Air North isn’t putting enough federal government suits in its seats, and according to President Joe Sparling it’s preventing the company’s Whitehorse-Ottawa route from making money.
The twice-weekly service, which stops in Yellowknife, was launched in Feb. 2014.
“I anticipated when we launched that we’d be flooded with federal government travelers because it’s a far less expensive and far more convenient route,” he said.
Sparling believes there are a number of reasons the company is coming up short.
He mentioned Aeroplan Miles as an issue, since a lot of government employees redeem them. Air North’s operating costs are significantly lower than its main competitor because it’s not part of that program, he added.
“It’s very expensive.”
Another concern has been the federal government’s travel booking mechanism.
Sparling said the new system doesn’t always show all the fares, or all the cheapest ones, and it’s driving high-yield tickets to Air North’s competitors instead.
“We’re coming up short and taxpayers are spending too much money – we have to find a way to fix that,” he said.
“A lot of federal agencies, like Aboriginal Affairs, are flying to and from the North under a mandate to somehow make the North more self-sufficient, and create more jobs. But invariably we find they buy more expensive tickets from our competitors and they’re putting the very jobs we’ve created at risk.
“To me, agencies like that should have purchasing policies that support their mandates.”
Sparling said he’s pitched the idea to both a Senate standing committee and the Canadian Transportation Act review for years.
Ultimately, the biggest impediment to growth is one of capacity, he said.
The pricing regime set by Air North requires a 75 per cent load factor – the percentage of occupied seats per flight – to be sustainable. But the Yukon market is flying with a load factor less than that, Sparling said.
The load factor for the Whitehorse-Ottawa route was only 55 per cent for the first quarter of 2015, and Sparling estimates it to be about 60 to 65 per cent in June.
There are two ways to improve load factors: either by growing traffic, or shrinking the number of seats in the market.
Sparling said numbers show the company has done well to grow traffic over the years.
In 2002, Air North transported under 25,000 passengers while its top competitor transported about 105,000.
In comparison, Air North transported over 160,000 passengers last year while its main competitor transported about 100,000.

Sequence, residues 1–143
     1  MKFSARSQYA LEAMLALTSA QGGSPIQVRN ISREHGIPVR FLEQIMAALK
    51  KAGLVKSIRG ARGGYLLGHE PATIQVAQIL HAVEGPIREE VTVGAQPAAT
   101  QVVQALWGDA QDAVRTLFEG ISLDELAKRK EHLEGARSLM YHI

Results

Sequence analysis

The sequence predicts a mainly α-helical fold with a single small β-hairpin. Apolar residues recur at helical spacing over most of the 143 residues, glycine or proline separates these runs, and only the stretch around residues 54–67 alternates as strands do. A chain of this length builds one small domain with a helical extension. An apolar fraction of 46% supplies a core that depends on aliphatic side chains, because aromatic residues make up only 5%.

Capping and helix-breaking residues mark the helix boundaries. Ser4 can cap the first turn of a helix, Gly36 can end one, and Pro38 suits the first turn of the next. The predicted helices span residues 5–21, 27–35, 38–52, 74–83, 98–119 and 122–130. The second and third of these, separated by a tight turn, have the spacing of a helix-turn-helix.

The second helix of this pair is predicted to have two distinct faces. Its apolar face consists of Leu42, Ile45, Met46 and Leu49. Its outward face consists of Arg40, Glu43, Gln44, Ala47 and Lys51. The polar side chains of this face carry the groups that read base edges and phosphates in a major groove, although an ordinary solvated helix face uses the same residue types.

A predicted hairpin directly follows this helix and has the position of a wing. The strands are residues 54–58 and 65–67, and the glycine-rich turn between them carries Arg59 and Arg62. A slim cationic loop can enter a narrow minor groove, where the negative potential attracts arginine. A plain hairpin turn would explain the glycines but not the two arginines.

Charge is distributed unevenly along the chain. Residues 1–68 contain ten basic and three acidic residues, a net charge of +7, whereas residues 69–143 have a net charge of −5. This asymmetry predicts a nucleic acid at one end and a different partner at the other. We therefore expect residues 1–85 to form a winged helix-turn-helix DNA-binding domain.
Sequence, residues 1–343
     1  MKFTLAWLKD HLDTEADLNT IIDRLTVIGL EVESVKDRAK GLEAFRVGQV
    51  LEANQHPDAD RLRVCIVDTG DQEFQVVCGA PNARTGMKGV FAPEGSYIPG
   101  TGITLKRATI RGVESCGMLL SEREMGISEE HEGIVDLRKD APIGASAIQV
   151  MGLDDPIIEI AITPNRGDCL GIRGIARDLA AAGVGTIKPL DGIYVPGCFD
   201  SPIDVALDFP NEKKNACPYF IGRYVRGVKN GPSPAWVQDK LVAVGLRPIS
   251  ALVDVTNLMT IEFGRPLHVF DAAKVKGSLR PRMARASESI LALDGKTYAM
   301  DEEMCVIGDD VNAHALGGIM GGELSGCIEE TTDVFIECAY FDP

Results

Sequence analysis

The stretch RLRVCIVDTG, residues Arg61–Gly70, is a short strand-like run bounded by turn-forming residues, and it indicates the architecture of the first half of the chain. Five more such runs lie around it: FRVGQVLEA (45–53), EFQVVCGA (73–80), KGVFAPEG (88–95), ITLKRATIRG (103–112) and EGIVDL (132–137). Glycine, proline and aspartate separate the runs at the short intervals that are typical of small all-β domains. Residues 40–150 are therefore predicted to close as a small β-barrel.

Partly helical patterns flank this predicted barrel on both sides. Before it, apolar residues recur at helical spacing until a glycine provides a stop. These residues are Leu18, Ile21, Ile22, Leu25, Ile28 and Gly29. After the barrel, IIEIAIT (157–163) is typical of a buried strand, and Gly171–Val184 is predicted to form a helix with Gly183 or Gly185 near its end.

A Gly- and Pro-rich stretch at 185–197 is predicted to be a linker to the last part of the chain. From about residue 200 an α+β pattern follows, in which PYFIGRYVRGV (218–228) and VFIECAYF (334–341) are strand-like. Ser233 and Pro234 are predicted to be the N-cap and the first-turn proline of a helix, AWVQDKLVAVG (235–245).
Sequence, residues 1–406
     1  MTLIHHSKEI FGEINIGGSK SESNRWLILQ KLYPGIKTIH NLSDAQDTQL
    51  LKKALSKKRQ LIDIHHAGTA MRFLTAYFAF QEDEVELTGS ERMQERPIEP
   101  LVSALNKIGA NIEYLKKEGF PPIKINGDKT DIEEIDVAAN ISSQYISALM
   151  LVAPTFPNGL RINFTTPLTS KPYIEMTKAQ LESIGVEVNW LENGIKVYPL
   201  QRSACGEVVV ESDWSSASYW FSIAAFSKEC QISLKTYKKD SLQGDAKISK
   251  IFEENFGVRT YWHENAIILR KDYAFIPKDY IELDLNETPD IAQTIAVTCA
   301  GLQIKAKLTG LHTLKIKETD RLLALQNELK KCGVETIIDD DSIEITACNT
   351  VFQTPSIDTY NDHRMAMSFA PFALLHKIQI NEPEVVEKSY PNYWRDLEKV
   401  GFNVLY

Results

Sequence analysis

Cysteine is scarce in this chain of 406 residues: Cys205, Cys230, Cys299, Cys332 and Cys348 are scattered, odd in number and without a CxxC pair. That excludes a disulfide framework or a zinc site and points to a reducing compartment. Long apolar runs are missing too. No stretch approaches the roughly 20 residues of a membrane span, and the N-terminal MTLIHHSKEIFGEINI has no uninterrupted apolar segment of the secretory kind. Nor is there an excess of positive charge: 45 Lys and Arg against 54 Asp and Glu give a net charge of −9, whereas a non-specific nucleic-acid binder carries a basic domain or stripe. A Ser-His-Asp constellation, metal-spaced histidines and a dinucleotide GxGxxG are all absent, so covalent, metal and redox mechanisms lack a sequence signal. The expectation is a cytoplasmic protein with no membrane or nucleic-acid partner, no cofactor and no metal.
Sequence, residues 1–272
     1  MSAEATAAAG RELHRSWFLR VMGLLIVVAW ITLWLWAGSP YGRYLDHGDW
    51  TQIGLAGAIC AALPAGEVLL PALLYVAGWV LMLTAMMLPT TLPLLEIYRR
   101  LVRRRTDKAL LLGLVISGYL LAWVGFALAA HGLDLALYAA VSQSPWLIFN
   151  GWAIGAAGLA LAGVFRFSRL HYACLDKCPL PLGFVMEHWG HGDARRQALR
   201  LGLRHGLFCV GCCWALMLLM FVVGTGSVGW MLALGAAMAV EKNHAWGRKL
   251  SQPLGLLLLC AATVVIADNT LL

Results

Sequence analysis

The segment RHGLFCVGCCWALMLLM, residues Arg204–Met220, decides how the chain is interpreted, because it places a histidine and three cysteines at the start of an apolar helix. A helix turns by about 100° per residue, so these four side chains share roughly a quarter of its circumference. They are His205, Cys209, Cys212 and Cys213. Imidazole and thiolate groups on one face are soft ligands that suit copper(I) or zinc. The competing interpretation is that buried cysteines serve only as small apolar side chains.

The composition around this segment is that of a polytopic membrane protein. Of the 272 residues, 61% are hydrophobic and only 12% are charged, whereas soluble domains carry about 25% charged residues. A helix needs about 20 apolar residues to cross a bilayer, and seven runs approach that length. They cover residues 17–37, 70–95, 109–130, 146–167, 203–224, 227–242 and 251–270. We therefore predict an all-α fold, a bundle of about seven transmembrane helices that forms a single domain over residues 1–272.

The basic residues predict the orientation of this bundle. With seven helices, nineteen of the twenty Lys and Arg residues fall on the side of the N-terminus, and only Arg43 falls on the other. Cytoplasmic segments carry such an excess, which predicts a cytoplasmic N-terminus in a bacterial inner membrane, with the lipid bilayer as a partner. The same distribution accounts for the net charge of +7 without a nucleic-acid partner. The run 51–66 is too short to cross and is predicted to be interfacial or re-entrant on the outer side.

“In essence we’ve created our own traffic, similar to what WestJet has done in new markets,” Sparling said.
“But we haven’t grown the market enough to provide the load factors that are necessary to support the price structure, and that’s our next challenge.”
Increased charter and ground handling activities, coupled with growing fuel sales, have contributed to Air North’s projected operating profit of $1.5 million for 2015.
That’s a significant turnaround from 2013, when the company lost an estimated $2.2 million.
Sparling said despite facing challenges two years ago – namely a “turf war” with its two main competitors – the company found ways to diversify its revenue streams in 2014 and that led to a strong start this year.
Last year, Air North launched a new charter program with Holland America, offering flights between Dawson City and Fairbanks, Sparling said.
The company also has an airplane based in Edmonton that flies crews to Alberta’s oilpatch.
Another plane is flown down to Vancouver, B.C. during the summer to offer sport fishing charters to the Queen Charlotte Islands.
Sparling said commercial fuel sales to all of the major carriers that fly into Whitehorse have also grown, as well as sales to the federal government, Yukon Wildland Fire Management and other corporate customers.
Another source of revenue has been additional ground handling activity for American Airlines, U.S. Airways and United Airlines in Vancouver and for KLM in Edmonton.
That entails both check-in services and below-wing baggage handling services, Sparling added.
“Basically those airlines have no employees, or very few, in Vancouver,” he said, “so we’ve taken over all of their handling.”
Contact Myles Dolphin at